New Mexico v. Davis

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Justia Opinion Summary

This case concerned the inventory search exception to the warrant requirement. Wesley Davis was arrested for operating a motorcycle without a license. Davis was carrying a backpack; during the stop, an Eddy County sheriff deputy searched the backpack and found marijuana. Davis was charged with one count of distribution of marijuana. He moved to suppress the marijuana, arguing the search was unlawful because Davis did not possess the backpack "on his person or in his physical possession." The New Mexico Supreme Court disagreed that possession in the inventory search context should have been so narrowly construed, and concluded Davis possessed the backpack at the time of his arrest. Therefore the inventory search was valid. The Court of Appeals judgment holding to the contrary was reversed.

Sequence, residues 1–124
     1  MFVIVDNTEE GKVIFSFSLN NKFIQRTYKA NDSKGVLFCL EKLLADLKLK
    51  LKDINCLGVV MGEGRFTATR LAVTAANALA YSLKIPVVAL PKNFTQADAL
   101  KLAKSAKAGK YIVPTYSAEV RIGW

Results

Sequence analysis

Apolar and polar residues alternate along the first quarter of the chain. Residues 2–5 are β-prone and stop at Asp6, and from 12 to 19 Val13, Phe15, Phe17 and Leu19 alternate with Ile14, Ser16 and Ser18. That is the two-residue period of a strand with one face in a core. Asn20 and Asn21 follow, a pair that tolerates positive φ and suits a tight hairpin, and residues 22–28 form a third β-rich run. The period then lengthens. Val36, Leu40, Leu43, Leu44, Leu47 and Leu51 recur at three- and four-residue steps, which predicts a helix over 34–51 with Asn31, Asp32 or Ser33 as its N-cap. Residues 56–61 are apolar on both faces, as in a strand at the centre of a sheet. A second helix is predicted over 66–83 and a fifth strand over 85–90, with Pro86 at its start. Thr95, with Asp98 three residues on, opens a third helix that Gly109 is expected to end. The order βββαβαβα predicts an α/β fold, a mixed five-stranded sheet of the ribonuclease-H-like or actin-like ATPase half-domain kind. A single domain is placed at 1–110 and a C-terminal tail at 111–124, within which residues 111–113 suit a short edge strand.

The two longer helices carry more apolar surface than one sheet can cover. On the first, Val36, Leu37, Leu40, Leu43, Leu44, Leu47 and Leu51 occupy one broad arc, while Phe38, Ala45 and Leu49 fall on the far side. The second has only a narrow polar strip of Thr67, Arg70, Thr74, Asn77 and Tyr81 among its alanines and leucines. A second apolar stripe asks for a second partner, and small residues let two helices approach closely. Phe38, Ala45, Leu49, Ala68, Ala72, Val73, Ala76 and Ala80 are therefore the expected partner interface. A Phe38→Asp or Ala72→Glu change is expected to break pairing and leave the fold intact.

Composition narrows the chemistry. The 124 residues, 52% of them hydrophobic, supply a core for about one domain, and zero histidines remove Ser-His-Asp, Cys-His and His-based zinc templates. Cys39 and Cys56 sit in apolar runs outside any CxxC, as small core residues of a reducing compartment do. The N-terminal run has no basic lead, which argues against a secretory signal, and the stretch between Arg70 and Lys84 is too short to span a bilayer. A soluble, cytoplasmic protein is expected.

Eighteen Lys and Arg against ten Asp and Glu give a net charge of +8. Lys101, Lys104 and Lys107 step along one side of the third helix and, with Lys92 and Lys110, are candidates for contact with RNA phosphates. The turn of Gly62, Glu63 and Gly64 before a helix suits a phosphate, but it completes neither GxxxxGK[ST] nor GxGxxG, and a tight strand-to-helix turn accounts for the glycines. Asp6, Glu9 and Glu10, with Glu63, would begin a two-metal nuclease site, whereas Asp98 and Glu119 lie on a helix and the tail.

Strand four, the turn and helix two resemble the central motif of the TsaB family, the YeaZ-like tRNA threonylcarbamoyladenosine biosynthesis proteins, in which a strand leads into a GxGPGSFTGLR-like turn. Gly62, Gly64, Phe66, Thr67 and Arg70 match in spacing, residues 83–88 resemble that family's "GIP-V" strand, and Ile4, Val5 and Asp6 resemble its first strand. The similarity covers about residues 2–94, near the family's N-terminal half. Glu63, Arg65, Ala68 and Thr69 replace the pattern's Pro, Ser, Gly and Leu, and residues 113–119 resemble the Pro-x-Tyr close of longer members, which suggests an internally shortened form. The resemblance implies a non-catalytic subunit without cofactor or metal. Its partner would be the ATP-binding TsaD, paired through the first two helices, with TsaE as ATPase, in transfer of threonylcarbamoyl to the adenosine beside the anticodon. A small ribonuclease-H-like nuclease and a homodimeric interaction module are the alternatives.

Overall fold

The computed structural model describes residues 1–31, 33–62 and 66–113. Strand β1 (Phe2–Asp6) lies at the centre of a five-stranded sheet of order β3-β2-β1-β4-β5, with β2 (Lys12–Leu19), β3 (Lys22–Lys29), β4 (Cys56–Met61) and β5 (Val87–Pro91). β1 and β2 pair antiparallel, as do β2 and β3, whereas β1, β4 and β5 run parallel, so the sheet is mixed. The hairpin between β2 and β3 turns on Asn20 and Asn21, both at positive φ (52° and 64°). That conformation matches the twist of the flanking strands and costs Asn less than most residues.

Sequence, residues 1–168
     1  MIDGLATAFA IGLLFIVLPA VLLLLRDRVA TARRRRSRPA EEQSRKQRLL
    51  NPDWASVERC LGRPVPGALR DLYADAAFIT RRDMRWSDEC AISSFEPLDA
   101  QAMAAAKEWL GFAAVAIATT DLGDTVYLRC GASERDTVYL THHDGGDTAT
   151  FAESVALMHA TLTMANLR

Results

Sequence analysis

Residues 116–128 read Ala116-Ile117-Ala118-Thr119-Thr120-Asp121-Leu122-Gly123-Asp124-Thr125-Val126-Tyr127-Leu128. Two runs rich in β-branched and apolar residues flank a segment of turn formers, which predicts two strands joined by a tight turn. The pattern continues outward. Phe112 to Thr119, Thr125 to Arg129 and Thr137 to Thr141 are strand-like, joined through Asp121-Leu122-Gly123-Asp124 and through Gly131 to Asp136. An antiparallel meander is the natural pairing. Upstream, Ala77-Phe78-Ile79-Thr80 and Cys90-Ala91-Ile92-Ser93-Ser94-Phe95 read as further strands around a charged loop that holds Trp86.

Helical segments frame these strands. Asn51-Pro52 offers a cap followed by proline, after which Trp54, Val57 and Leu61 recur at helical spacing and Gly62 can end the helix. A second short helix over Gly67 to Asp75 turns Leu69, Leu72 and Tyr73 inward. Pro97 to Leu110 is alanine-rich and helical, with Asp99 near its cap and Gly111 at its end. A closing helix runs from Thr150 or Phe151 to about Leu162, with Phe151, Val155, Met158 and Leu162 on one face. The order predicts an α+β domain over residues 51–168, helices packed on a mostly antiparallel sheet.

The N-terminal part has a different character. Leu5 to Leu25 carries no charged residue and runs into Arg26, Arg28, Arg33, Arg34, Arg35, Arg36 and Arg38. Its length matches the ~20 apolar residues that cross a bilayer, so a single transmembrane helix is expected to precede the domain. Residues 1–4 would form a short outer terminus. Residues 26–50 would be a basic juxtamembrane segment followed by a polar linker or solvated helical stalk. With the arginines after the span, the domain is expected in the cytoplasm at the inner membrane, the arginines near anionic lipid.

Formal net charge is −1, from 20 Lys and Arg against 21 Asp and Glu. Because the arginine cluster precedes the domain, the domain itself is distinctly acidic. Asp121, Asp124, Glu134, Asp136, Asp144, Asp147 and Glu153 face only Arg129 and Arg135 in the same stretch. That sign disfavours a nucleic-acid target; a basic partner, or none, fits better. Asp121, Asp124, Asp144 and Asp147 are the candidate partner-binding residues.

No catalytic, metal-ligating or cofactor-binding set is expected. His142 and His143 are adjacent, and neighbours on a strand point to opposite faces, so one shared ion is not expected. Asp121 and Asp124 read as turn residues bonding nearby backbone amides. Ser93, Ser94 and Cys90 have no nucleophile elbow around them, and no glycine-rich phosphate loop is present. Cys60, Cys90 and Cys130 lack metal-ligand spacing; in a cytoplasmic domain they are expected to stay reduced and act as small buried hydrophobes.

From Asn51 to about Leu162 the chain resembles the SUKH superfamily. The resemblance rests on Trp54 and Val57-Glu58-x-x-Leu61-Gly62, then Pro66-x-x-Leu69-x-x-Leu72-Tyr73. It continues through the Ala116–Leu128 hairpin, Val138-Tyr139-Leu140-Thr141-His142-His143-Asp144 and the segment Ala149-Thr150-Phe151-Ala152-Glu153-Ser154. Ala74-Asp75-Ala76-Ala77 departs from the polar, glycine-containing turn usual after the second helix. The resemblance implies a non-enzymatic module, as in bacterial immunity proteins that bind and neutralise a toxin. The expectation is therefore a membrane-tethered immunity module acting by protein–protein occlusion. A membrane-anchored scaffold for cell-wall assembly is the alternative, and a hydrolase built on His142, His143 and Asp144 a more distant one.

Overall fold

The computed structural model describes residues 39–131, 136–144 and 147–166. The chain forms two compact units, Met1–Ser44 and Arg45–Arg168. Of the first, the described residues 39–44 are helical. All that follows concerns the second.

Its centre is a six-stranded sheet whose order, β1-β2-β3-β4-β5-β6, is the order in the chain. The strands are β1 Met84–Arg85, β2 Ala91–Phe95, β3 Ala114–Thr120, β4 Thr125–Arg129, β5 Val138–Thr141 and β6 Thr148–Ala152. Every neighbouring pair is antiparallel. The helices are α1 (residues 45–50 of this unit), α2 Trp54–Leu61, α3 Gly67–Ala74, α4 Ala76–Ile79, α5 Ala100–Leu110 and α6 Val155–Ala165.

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1 IN THE SUPREME COURT OF THE STATE OF NEW MEXICO 2 Opinion Number: 3 Filing Date: November 9, 2017 4 NO. S-1-SC-35976 5 STATE OF NEW MEXICO, 6 Plaintiff-Petitioner, 7 v. 8 WESLEY DAVIS, 9 Defendant-Respondent. 10 ORIGINAL PROCEEDING ON CERTIORARI 11 Lisa B. Riley, District Judge 12 Hector H. Balderas, Attorney General 13 Jane A. Bernstein, Assistant Attorney General 14 Santa Fe, NM 15 for Petitioner 16 Law Works, LLC 17 John A. McCall 18 Albuquerque, NM 19 for Respondent 1 OPINION 2 NAKAMURA, Chief Justice. 3 {1} This case concerns the inventory search exception to the warrant requirement. 4 The Court of Appeals concluded that the inventory search that occurred in this case 5 was invalid because Defendant Wesley Davis did not possess the backpack searched 6 at the time of arrest as the backpack was not “on his person or in his physical 7 possession . . . .” State v. Davis, 2016-NMCA-073, ¶¶ 1, 10-11, 387 P.3d 274. We 8 disagree that possession in the inventory search context should be so narrowly 9 construed. We embrace a broader definition of possession, conclude that Davis did 10 possess the backpack at the time of arrest, and hold that the inventory search was 11 valid. The Court of Appeals is reversed. 12 I. BACKGROUND 13 On January 12, 2012, Deputy Daniel Vasquez of the Eddy County Sheriff’s {2} 14 Department (Sheriff’s Department) arrested Davis for operating a motorcycle when 15 his license had been revoked. During the traffic stop, Deputy Vasquez searched 16 Davis’s backpack and discovered marijuana. Davis was charged with one count of 17 distribution of marijuana, a violation of NMSA 1978, Section 30-31-22(A)(1)(a) 18 (2011). Davis filed a motion to suppress the marijuana on December 18, 2012. A 1 suppression hearing was held on April 10, 2013. At that hearing, Deputy Vasquez 2 provided the following testimony. 3 {3} While on patrol in a marked vehicle, Deputy Vasquez saw Davis on a 4 motorcycle at a stop sign. Deputy Vasquez knew Davis did not have a valid driver’s 5 license and began to follow Davis. After traveling a short distance, Davis pulled into 6 the driveway of his home. Davis’s property is within the city limits of Carlsbad, New 7 Mexico and there are other houses adjacent to Davis’s property. 8 {4} Davis parked his motorcycle, took off his backpack, and placed it on top of a 9 car parked in Davis’s open-air carport, a structure with a back wall but no front or 10 side walls. Deputy Vasquez had parked in Davis’s driveway behind Davis’s 11 motorcycle and the two men met in the driveway between the motorcycle and carport. 12 {5} Deputy Vasquez asked Davis for his license and registration and then contacted 13 dispatch and learned that Davis’s license was in fact revoked with an arrest clause. 14 Deputy Vasquez arrested Davis, patted him down, and asked Davis “if there was 15 anything in the backpack that [he] needed to be aware about.” Davis responded that 16 there was marijuana in the backpack. Deputy Vasquez walked to the carport, seized 17 the backpack, searched it, and discovered three plastic bags containing marijuana. 18 {6} Deputy Vasquez asked Davis about the backpack because the backpack had 19 been on Davis’s person and there might have been valuables in the backpack. When 2 1 asked if he thought the backpack was “secured,” Deputy Vasquez stated that an open2 air carport is not a secure location to leave an unattended bag. During his testimony, 3 Deputy Vasquez acknowledged that the backpack was not on Davis’s person at the 4 time of his arrest. 5 {7} The Sheriff’s Department has a policy that any belongings in a person’s 6 possession at the time of an arrest must be inventoried, regardless of whether or not 7 they have value. Deputy Vasquez stated that “anything on your person is gonna’ go 8 with you when you’re arrested.” The Sheriff’s Department’s inventory search policy 9 exists to ensure that the Sheriff’s Department has adequate records, to protect the 10 Sheriff’s Department, and to ensure that an arrestee’s property is protected. The 11 policy does not differentiate between inventory searches occurring on private versus 12 public property. 13 {8} The district court found that Davis’s backpack was not secure at the time of the 14 arrest but was on top of a car in an open-air carport. The court explained that “[i]t 15 would be very easy for somebody to walk by and grab a backpack from off of the top 16 of a vehicle which is not a normal place for storing a backpack.” The court concluded 17 that Deputy Vasquez’s warrantless search of Davis’s backpack was a valid inventory 18 search and denied the motion to suppress. Davis then entered into a conditional plea 3 1 in which he agreed to plead guilty to the distribution charge but reserved his right to 2 appeal the order denying his suppression motion. Davis, 2016-NMCA-073, ¶ 2. 3 {9} The Court of Appeals reversed the district court’s order, concluding that the 4 warrantless search was not a valid inventory search. Id. ¶¶ 1, 17. We granted the 5 State’s petition for a writ of certiorari—exercising our jurisdiction under Article VI, 6 Section 3 of the New Mexico Constitution and NMSA 1978, Section 34-5-14(B) 7 (1972)—to decide whether the warrantless search was a valid inventory search or not. 8 II. DISCUSSION 9 A. Standard of Review 10 {10} The standard of review applicable in this case is well settled. “A motion to 11 suppress evidence is a mixed question of law and fact.” State v. Garcia, 12 2005-NMSC-017, ¶ 27, 138 N.M. 1, 116 P.3d 72. We review the factual analysis for 13 substantial evidence and review the legal analysis de novo. Id. “The appellate court 14 must defer to the district court with respect to findings of historical fact so long as 15 they are supported by substantial evidence.” State v. Jason L., 2000-NMSC-018, 16 ¶ 10, 129 N.M. 119, 2 P.3d 856. 17 B. Inventory Searches 18 “[I]nventory searches are now a well-defined exception to the warrant {11} 19 requirement of the Fourth Amendment.” Colorado v. Bertine, 479 U.S. 367, 371 4 1 (1987). “Like all warrantless searches, however, inventory searches are presumed to 2 be unreasonable and the burden of establishing their validity is on the State.” State 3 v. Shaw, 1993-NMCA-016, ¶ 5, 115 N.M. 174, 848 P.2d 1101. 4 {12} An inventory search is valid if (1) the police have control or custody of the 5 object of the search; (2) the inventory search is conducted in conformity with 6 established police regulations; and (3) the search is reasonable. State v. Boswell, 7 1991-NMSC-004, ¶ 7, 111 N.M. 240, 804 P.2d 1059 (citing State v. Ruffino, 8 1980-NMSC-072, ¶ 5, 94 N.M. 500, 612 P.2d 1311). The Court of Appeals 9 concluded that the State failed to establish any of these three requirements. Davis, 10 2016-NMCA-073, ¶ 16. We address each in turn. 11 1. Control or custody 12 The Court of Appeals concluded that Deputy Vasquez did not have control or {13} 13 custody of the backpack for two reasons: (1) there was no “reasonable nexus” 14 between the arrest and the seizure of the backpack because Davis did not have 15 “possession” of the backpack at the time of arrest and (2) the backpack was seized 16 from Davis’s private property. Id. ¶¶ 11-12. These conclusions warrant separate 17 treatment. 5 1 a. Reasonable nexus and possession 2 In State v. Williams, 1982-NMSC-041, ¶ 5, 97 N.M. 634, 642 P.2d 1093, and {14} 3 again in Boswell, 1991-NMSC-004, ¶ 7, we identified a “reasonable nexus” 4 requirement for inventory searches. Boswell clarifies that this reasonable nexus 5 requirement is not a fourth, independent element the state must prove to establish the 6 validity of an inventory search. 1991-NMSC-004, ¶ 8. Rather, and as we explain 7 below, the test employed to resolve the reasonable nexus requirement is the operative 8 inquiry utilized to establish whether the police have control or custody of the object 9 subjected to an inventory search. 10 {15} Police may perform inventory searches of those objects over which they have 11 lawful control or custody. See Williams, 1982-NMSC-041, ¶¶ 5-6 (explaining that 12 control or custody “must be based on some legal ground” (internal quotation marks 13 and citation omitted)). Whether the police have lawful control or custody of an object 14 demands inquiry into whether there is a reasonable nexus between the arrest and the 15 seizure of the object to be searched. See Boswell, 1991-NMSC-004, ¶¶ 7-8 (“This 16 case turns on the first prong of the test we articulated in Williams, [1982-NMSC-041, 17 ¶ 4]: whether the police lawfully had custody of the wallet, i.e., was there a 18 reasonable nexus between Boswell’s arrest and the seizure of the wallet?”). Whether 19 a reasonable nexus exists between the arrest and the seizure of the object to be 6 1 searched requires, in turn, inquiry into whether there was a valid basis for the 2 inventory search of that particular object. Boswell, 1991-NMSC-004, ¶ 9 (“A police 3 inventory of some possession of the arrestee . . . presupposes that the police had 4 some valid reason for taking custody of that object, for it is only because of such 5 taking of custody that the police can be said to have some obligation to safeguard the 6 contents.” (omission in original) (emphasis added) (internal quotation marks and 7 citation omitted)). A valid basis for an inventory search exists if the search of a 8 particular object is justified in light of the range of governmental interests that 9 support the existence of the inventory search exception itself. See id. ¶ 14 (“[T]he 10 reasonable nexus between the initial arrest and seizure is not found in a theory of 11 probable cause . . . but in the need to safeguard defendant’s property from loss and 12 to protect the police from liability and charges of negligence.”). 13 {16} Three governmental interests support the existence of the inventory search 14 exception: “(1) to protect the arrestee’s property while it remains in police custody; 15 (2) to protect the police against claims or disputes over lost or stolen property; or (3) 16 to protect the police from potential danger.” Shaw, 1993-NMCA-016, ¶ 10 (citing 17 South Dakota v. Opperman, 428 U.S. 364, 369 (1976)). We discussed the first two 18 interests in Boswell and observed that “[a]n inventory protects a defendant’s property 19 in police custody from theft; conversely, it protects the police from accusations or 7 1 false claims of theft of the property that was in an arrestee’s possession.” 2 1991-NMSC-004, ¶ 10. Accordingly, we concluded that “[p]roperty found on the 3 person or in the immediate possession of a lawful arrestee presents no seizure 4 problem and may be inventoried.” Id. ¶ 9. The foregoing discussion establishes the 5 following conclusion: if Davis possessed the backpack at the time of arrest, then a 6 reasonable nexus existed between the arrest and the seizure and inventory search of 7 the backpack. 8 {17} The Court of Appeals concluded that Davis did not possess the backpack at the 9 time of arrest because Davis did not have the backpack “on his person or in his 10 physical possession at the time of his arrest.” Davis, 2016-NMCA-073, ¶ 11. This 11 conclusion stemmed from the Court’s restrictive definition of “possession.” Id. ¶ 10. 12 It defined “possession” as limited to “having physical custody or control of an object, 13 and not to other legal meanings and connotations that may otherwise be associated 14 with ‘possession.’” Id. Our case law suggests that a broader conception of 15 possession applies in the inventory search context. 16 {18} The validity of an inventory search is assessed by examining whether the 17 search is justified in light of the core purposes behind the inventory search exception. 18 Therefore, the conception of possession in the inventory search context should be 19 defined not by reference to a restrictive standard but by reference to principles 8 1 consonant with the core purposes of the inventory search exception itself. So, for 2 purposes of the inventory search exception, a defendant “possesses” any object that 3 the defendant loses control over as a consequence of arrest and where that loss of 4 control gives rise to the possibility that the object might be lost, stolen, or destroyed 5 and the police potentially held liable for the loss, theft, or destruction. This more 6 expansive conception of possession necessarily encapsulates objects other than those 7 on the defendant’s person at the time of arrest. Boswell illustrates the validity of this 8 approach. 9 {19} In Boswell, the defendant was suspected of shoplifting, was brought to the store 10 manager’s office where police checked his identification and arrested him, and was 11 then transported to the police station. 1991-NMSC-004, ¶ 2. After arriving at the 12 station, the defendant discovered that his wallet had been left in the manager’s office. 13 Id. An officer returned to the store, retrieved the wallet, performed an inventory 14 search of the wallet, and discovered illegal drugs inside. Id. The issue before this 15 Court was whether the inventory search was permissible. Id. ¶¶ 3-5. 16 {20} In the course of our analysis in Boswell, we rejected the principle that serves 17 as the foundation of the Court of Appeals’ analysis in the present case: the fact that 18 the wallet was not on the Boswell defendant’s person when he was booked was not 19 dispositive. Id. ¶¶ 6, 13. Indeed, we expressly noted that “[p]roperty found on the 9 1 person or in the immediate possession of a lawful arrestee” may be inventoried. Id. 2 ¶ 9 (emphasis added). This use of the disjunctive “or” indicates that objects other 3 than those on the defendant’s person at the time of arrest may, given the proper 4 circumstances, be subject to an inventory search. We did not focus in Boswell on 5 physical possession, i.e., the spatial relationship between the object and the arrestee; 6 rather, we emphasized that the wallet was rendered unsecure as a consequence of the 7 arrest and held that the inventory search of the defendant’s wallet was “justified by 8 appropriate police concerns that defendant’s property be secured.” Id. ¶¶ 13, 15. We 9 offered the following explanatory remarks: 10 11 12 13 14 15 16 17 Leaving the wallet in the office, where [the] defendant had no privacy interest or expectation of security and where any number of unknown individuals may have gained access to the wallet, . . . would be careless police procedure evincing a lack of concern for the defendant’s belongings. This is not a situation where the property could have been safely left where it was, nor was it a situation where custody of the property could have been safely and immediately entrusted to a friend or placed in a safe place. 18 Id. ¶ 13 (footnote omitted). 19 {21} Boswell is clear: The propriety of an inventory search of any given object is not 20 determined by examining where in relation to an arrestee the object was at the time 21 of arrest; rather, the focus is on whether the object is made unsecure by the arrest. 22 ¶¶ 13, 15. Thus, it makes no difference that Davis’s backpack was some short 23 distance from him at the time of arrest. Nor does it matter that Davis removed the 10 1 backpack from his person and placed it on the car in the carport before speaking to 2 the deputy. Deputy Vasquez’s duty to secure Davis’s property did not end simply 3 because Davis removed the backpack from his person. Police are rightly expected to 4 protect and secure not only those items on an arrestee’s person or within the arrestee’s 5 immediate control at the time of arrest, but any item belonging to the arrestee that is 6 rendered unsecure by the arrest. See 3 Wayne R. La Fave et al., Search and Seizure: 7 A Treatise on the Fourth Amendment § 5.5(b), at 297, 297 n.43 (5th ed. 2012) (stating 8 that it would be “clearly improper for the police to simply leave” unattended at the 9 scene of an arrest those objects belonging to an arrestee that are rendered unsecure 10 by the arrest, and collecting cases in support of this assertion). 11 {22} The district court found that there was a risk that Davis’s backpack could be 12 lost or stolen because Davis’s arrest precluded him from further controlling the 13 backpack. We see no reason and have been given no reason to question this finding. 14 In addition, we observe that “the scope of a permissible inventory search is 15 broad . . . [,]” Shaw, 1993-NMCA-016, ¶ 11 (citing Illinois v. Lafayette, 462 U.S. 16 640, 648 (1983)), and that officers may exercise discretion in the course of deciding 17 whether to conduct an inventory search or not. See Florida v. Wells, 495 U.S. 1, 4 18 (1990) (observing that, while the police “must not be allowed so much latitude that 19 inventory searches are turned into a purposeful and general means of discovering 11 1 evidence of crime,” the “exercise of judgment based on concerns related to the 2 purposes of an inventory search does not violate the Fourth Amendment” (internal 3 quotation marks and citation omitted)); cf. Bertine, 479 U.S. at 372 (observing that 4 the Court’s inventory search cases accord “deference to police caretaking procedures 5 designed to secure and protect vehicles and their contents within police custody”). 6 This discretionary authority necessarily flows to determinations regarding whether 7 some particular item is susceptible to theft or loss in the wake of an arrest. We 8 conclude that Davis did possess the backpack at the time of arrest and, therefore, a 9 reasonable nexus existed between Davis’s arrest and the seizure of the backpack. 10 b. Inventory search and private property 11 The Court of Appeals determined that the inventory search in this case was {23} 12 invalid and was in part predicated on the fact that Deputy Vasquez seized the 13 backpack from Davis’s private property. Davis, 2016-NMCA-073, ¶ 12. The Court 14 stressed that “[a] defendant has a right to place his personal items on his private 15 property and reasonably expect that law enforcement will not seize it without a 16 warrant[,]” and concluded that “the government interests in the inventory search [do 17 not] permit law enforcement to walk on [Davis’s] property, enter his carport, and 18 seize his backpack.” Id. We disagree. These broad pronouncements are inconsistent 19 with the legal principles that govern here. 12 1 {24} The Court of Appeals notes that police cannot carry off a defendant’s suitcases 2 merely because he is arrested in his home. Id.; see 3 La Fave, supra, § 5.5(b), at 298. 3 But this valid proposition is not a blanket prohibition against inventory searches on 4 private property. The validity of any inventory search must necessarily turn on the 5 facts presented. 3 La Fave, supra, § 5.5(b), at 298. Thus, while police officers cannot 6 seize and inventory a defendant’s jacket merely because the defendant is arrested in 7 his home, officers may nevertheless require a defendant to don that jacket if a jacket 8 would be necessary to cope with the weather and then may inventory that jacket. Id. 9 at 298 n.46. Similarly, where a door to a house is broken and substantial drug money 10 is discovered inside, the police may seize the money for inventory purposes to 11 safeguard it. Id. at 298-99 n.46. What these examples illustrate is that the mere fact 12 that the inventory search occurred on Davis’s property does not render the search 13 unconstitutional. The facts of the particular case guide the inquiry as to the 14 constitutionality of the inventory search. Opperman, 428 U.S. at 373 (explaining that 15 reasonableness of searches and seizures “cannot be fixed by per se rules; each case 16 must be decided on its own facts” (internal quotation marks and citation omitted)). 17 {25} Davis was not arrested in his home but in his driveway. The backpack was not 18 seized from Davis’s living room but from atop a car in an open-air carport. These 19 facts are significant. See Coffin v. Brandau, 642 F.3d 999, 1010 (11th Cir. 2011) 13 1 (discussing the expectation of privacy individuals may reasonably expect for Fourth 2 Amendment purposes over garages and carports and observing that this question, 3 infrequently litigated, is distinct from the question of what degree of privacy an 4 individual may reasonably expect within the home). Moreover, the district court 5 found that the backpack was not secure after the arrest. Given these facts, we are 6 amply persuaded that Deputy Vasquez’s decision to inventory Davis’s backpack was 7 not an unconstitutional intrusion onto Davis’s private property. It was an appropriate 8 exercise of community caretaking to protect Davis’s possessions. 9 c. 10 {26} Conclusion as to custody or control A reasonable nexus did exist between the arrest and the seizure of the backpack 11 and we hold that Deputy Vasquez did have custody or control of it. The fact that the 12 inventory search was conducted on Davis’s private property does not cause us to 13 doubt this conclusion. 14 2. The other inventory search requirements 15 The Court of Appeals also concluded that the State failed to establish elements {27} 16 two and three: that the search was made pursuant to established police regulations and 17 that the search was reasonable. Davis, 2016-NMCA-073, ¶¶ 14-15. As the following 18 analysis demonstrates, these conclusions were largely a consequence of the Court’s 14 1 conclusion that Davis did not possess the backpack at the time of the arrest. See id. 2 ¶¶ 14-15. 3 {28} As to the second requirement, the Court of Appeals emphasized Deputy 4 Vasquez’s testimony that “the Sheriff’s Department only inventor[ies] items on the 5 person of an arrestee at the time of the arrest.” Id. ¶ 14. Based on this testimony, the 6 Court concluded that the seizure of the backpack was not carried out in accordance 7 with the Department’s policy because the “backpack was not on [Davis’s] person at 8 the time of his arrest.” Id. We disagree. The Court of Appeals has mischaracterized 9 the inventory search policy that governed here. 10 {29} Deputy Vasquez explained that the Sheriff’s Department’s inventory search 11 policy mandates that “any belongings in a person’s possession at the time of an arrest 12 must be inventoried . . . .” Id. ¶ 5. For the reasons already stated, we do not construe 13 this policy as directing officers to inventory only those items on an arrestee’s person 14 at the time of arrest. It cannot be that the policy directs officers to disregard 15 possessions not on an arrestee’s person but that are nevertheless rendered unsecure 16 by the arrest. Indeed, Deputy Vasquez testified that the purpose of the inventory 17 search policy is to protect the Sheriff’s Department and to ensure that an arrestee’s 18 possessions are secure. Protecting the Sheriff’s Department and securing an 19 arrestee’s possessions necessarily entails ensuring that all of the belongings of an 15 1 arrestee made unsecure by an arrest are secured and protected. We see no 2 inconsistency between the inventory search policy and Deputy Vasquez’s inventory 3 search of Davis’s backpack. By seizing and searching the backpack, Deputy Vasquez 4 secured Davis’s property and protected the Sheriff’s Department by eliminating a 5 potential property-loss claim. The State demonstrated that the search was made 6 pursuant to established police regulations. 7 {30} As to the third requirement, the Court of Appeals offered the following 8 justifications for its conclusion that the inventory search was not reasonable: the 9 seizure did not comply with the Sheriff’s Department’s inventory search policy; there 10 is no evidence Deputy Vasquez expressed concern with protecting the backpack or 11 its contents while it was in police custody; there is no evidence Deputy Vasquez was 12 concerned with protecting the Sheriff’s Department against a claim or dispute over 13 lost or stolen property; and there is no evidence Deputy Vasquez was concerned with 14 officer safety. Id. ¶ 15. Having rejected all of the valid bases that might explain 15 Deputy Vasquez’s decision to perform the inventory search, the Court expressed its 16 own view of the deputy’s motivations: “[T]he only reason Deputy Vasquez seized 17 and searched the backpack,” the Court asserted, “was because [Davis] responded to 18 questioning and said it contained marijuana.” Id. Again, we disagree with the 19 Court’s assessment of the facts presented and with its conclusion. 16 1 {31} As we have already explained, Deputy Vasquez’s decision to seize and perform 2 an inventory search of the backpack was consistent with the Sheriff’s Department’s 3 inventory search policy. The backpack was not secure at the time of arrest and 4 Deputy Vasquez testified that his interest in the backpack arose out of his concern 5 that it contained valuables. From these facts, we infer that Deputy Vasquez’s 6 decision to secure the backpack emanated not from an impermissible investigative 7 motive but from an understanding that protecting and securing an arrestee’s 8 belongings is consistent with the Sheriff’s Department’s inventory search policy and, 9 more generally, appropriate police conduct. See Jason L., 2000-NMSC-018, ¶ 10 10 (explaining that an appellate court reviewing a district court’s decision on a motion 11 to suppress shall draw all reasonable inferences in support of the district court’s 12 decision); Boswell, 1991-NMSC-004, ¶ 11 (“[T]he lawfulness of an inventory search 13 operates independently from any suspicion by the police of contraband that may be 14 concealed in a container.”). We conclude that the inventory search was reasonable. 15 C. Other Issues Briefed 16 The State argues in the alternative that “even if this Court were to conclude that {32} 17 a Fourth Amendment violation did in fact occur, application of the exclusionary rule 18 is not justified given the purpose the rule is designed to serve.” Although we granted 19 certiorari to consider this issue, we need not address it in light of our conclusion that 17 1 the search was a valid inventory search and the exclusionary rule is inapplicable. We 2 also decline to address the State’s right for any reason arguments. Our disposition 3 makes it unnecessary to do so. 4 III. CONCLUSION 5 The State satisfied its burden as to all of the elements required to prove the {33} 6 validity of the inventory search. We affirm the district court’s order denying Davis’s 7 motion to suppress and reverse the Court of Appeals. This matter is remanded to the 8 district court for further proceedings consistent with this opinion. 9 10 11 {34} IT IS SO ORDERED. ____________________________________ JUDITH K. NAKAMURA, Chief Justice 18 1 WE CONCUR: 2 __________________________________ 3 PETRA JIMENEZ MAES, Justice 4 __________________________________ 5 EDWARD L. CHÁVEZ, Justice 6 ____________________________________ 7 CHARLES W. DANIELS, Justice 8 ____________________________________ 9 BARBARA J. VIGIL, Justice 19